Kebabs on Swords

“Origin of kebab is credited to the medieval soldiers who used to grill meat on their swords in the open fire.”

I go back to sixties & Ahdoos of Srinagar, Kashmir for those ‘Lahabi kebabs’ of a tender texture & an appetizing flavour, while I watch Kebabs being grilled. A typical smoky flavour of the contact of the charcoal with meat of the traditional charbroiled kababs lingers on. What a dark brown appearance! During my five years of stay in Naseem Bagh to persue my Engineering course; it was a joyful ritual amongst friends. to visit the restaurant for the cuisines and the ambience.

  • Feasting on Barbeque and grills is a style and apparatus for cooking food out of doors on live fire and smoke of wood and heat of charcoal.Charcoal is preferred to the modern Gas or electric grills, though wood is still the best.

Barbecue and Grilling are often intermingled; Chefs argue that barbecue is a type of grilling, and that grilling involves the use of a higher level of dry  radiant heat either from above or belowto sear the food. But it’s also important to have the proper tools.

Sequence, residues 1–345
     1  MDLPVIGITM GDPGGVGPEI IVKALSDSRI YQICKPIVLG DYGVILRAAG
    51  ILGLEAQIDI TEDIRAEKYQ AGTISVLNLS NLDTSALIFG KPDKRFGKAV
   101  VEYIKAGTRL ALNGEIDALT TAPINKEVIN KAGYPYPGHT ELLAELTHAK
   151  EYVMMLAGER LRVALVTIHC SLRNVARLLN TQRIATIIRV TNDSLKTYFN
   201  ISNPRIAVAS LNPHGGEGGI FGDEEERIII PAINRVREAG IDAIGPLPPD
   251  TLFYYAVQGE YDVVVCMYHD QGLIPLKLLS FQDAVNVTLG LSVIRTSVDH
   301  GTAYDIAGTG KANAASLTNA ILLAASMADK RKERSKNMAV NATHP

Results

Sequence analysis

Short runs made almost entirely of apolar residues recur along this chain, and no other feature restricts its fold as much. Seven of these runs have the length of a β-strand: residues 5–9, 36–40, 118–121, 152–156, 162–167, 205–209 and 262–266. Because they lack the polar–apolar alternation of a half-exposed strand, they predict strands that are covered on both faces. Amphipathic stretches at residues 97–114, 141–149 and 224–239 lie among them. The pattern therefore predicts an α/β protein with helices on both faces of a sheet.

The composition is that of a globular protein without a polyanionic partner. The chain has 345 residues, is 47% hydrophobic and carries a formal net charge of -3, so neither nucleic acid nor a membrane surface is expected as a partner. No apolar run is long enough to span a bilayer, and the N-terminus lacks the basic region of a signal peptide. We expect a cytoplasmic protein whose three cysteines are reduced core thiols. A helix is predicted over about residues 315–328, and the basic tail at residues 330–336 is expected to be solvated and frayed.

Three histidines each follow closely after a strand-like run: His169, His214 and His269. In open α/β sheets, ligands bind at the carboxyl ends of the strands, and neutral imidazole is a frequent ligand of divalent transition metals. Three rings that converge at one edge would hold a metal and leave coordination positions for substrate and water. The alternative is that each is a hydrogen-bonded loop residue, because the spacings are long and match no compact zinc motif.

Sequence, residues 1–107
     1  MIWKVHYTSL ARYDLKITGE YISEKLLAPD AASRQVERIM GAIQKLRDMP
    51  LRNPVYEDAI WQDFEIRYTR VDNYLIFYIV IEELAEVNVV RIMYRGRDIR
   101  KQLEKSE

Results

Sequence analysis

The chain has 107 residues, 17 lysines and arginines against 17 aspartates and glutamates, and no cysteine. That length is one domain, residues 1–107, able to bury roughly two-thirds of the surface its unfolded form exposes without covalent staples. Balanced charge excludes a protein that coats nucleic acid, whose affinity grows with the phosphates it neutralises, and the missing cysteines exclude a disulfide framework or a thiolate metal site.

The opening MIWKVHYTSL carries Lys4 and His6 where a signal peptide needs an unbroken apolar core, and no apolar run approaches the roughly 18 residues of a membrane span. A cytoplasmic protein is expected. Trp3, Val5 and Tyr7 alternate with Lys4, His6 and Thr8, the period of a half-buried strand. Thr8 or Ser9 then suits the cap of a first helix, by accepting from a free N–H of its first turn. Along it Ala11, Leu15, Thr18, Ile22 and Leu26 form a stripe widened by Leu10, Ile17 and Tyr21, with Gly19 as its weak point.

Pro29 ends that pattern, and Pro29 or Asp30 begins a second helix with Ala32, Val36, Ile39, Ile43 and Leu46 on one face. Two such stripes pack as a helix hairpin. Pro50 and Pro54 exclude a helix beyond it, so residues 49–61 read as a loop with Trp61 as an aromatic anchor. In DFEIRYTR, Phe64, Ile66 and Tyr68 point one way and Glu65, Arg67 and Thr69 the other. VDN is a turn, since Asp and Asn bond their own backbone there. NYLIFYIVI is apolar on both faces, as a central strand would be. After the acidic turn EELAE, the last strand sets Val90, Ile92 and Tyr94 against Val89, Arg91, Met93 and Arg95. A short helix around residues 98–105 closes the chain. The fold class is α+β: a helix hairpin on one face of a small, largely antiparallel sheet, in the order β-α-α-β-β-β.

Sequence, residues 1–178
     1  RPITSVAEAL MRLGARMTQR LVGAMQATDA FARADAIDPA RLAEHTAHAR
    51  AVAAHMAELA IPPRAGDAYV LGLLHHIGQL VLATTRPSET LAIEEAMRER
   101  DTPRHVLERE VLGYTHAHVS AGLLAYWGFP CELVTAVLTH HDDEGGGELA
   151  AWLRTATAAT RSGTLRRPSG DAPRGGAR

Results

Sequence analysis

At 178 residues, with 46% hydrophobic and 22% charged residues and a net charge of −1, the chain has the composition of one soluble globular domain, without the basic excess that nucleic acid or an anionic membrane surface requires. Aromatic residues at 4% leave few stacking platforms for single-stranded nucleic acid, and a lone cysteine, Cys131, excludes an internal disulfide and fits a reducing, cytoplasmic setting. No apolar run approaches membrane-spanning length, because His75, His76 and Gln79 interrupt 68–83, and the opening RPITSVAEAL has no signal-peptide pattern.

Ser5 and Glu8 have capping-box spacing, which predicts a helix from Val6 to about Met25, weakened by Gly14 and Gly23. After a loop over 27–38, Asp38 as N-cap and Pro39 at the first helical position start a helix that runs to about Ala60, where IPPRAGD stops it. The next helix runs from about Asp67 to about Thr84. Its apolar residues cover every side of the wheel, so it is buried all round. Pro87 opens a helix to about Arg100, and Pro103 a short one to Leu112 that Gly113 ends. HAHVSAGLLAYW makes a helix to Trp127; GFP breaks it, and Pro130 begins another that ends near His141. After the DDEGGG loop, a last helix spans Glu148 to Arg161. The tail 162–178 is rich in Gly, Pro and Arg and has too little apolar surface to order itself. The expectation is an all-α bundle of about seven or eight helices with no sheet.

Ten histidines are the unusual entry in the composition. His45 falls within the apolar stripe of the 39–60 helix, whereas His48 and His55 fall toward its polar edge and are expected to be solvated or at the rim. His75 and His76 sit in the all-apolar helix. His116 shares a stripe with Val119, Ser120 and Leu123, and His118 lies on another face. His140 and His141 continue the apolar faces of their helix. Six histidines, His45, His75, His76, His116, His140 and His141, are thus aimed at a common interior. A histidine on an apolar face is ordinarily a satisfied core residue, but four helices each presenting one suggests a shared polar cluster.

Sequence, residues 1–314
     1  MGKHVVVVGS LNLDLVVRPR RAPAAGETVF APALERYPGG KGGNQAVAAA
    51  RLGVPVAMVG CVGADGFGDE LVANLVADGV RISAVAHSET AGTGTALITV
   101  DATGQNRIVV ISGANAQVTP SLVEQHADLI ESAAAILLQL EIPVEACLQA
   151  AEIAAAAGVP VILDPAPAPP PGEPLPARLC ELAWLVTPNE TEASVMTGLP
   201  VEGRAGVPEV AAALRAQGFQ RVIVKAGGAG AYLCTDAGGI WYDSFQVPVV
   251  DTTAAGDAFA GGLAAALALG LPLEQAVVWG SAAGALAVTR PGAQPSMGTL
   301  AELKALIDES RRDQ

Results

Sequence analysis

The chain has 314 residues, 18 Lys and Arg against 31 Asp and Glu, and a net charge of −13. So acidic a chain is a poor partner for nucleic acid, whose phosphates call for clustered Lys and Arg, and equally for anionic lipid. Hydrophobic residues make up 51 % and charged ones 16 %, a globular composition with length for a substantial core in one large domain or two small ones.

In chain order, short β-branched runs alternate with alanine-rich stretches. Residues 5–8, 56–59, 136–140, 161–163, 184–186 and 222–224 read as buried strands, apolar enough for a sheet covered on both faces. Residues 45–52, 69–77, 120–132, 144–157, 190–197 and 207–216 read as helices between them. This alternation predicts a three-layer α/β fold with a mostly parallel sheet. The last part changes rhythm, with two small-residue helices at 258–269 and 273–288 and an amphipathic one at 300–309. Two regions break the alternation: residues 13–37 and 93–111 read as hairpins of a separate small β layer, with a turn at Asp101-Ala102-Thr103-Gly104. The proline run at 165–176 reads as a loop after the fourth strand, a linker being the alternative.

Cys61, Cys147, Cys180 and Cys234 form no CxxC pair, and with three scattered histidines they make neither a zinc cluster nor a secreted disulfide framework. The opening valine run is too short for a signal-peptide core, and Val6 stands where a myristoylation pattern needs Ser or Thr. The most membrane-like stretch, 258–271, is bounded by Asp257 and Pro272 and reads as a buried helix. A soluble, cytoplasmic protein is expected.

• Barbecuingis cooking at low temperature for a long time.The flames and smoke rise and envelope the food, giving it a certain flavour.

  • Burning vegetables – like grilling, roasting or barbecuing, whatever, is healthier, next best to eating them raw. “The main point is, to use as little water as possible, so the nutrients don’t leach out.”
  • Barbecue sauces may include vinegar, tomato paste, as well as liquid smoke, onion powder, spices such as mustard and black pepper, and sweetener-to taste. It is used as a marinade, or topping in the barbecue cooking style.
  • Smokingis the process of cooking & flavouring food by exposing it to smoke from burning or smoldering material, most often wood. Kimb(dhdunj) is a fruit from citrus family grown in Dogra Regionof India. The skin is peeled off, The juice is squeezed out;a smoky flavour is givenby (dhuni) dropping mustard oil over burning charcoal, held between the inverted halves. Cut pieces, mixed with the paste of green chilies and mint, black salt, sugar and crushed walnuts, make a special dish. The last I relished the delicacy was with Anila and Col. Surinder Kumar at Noida.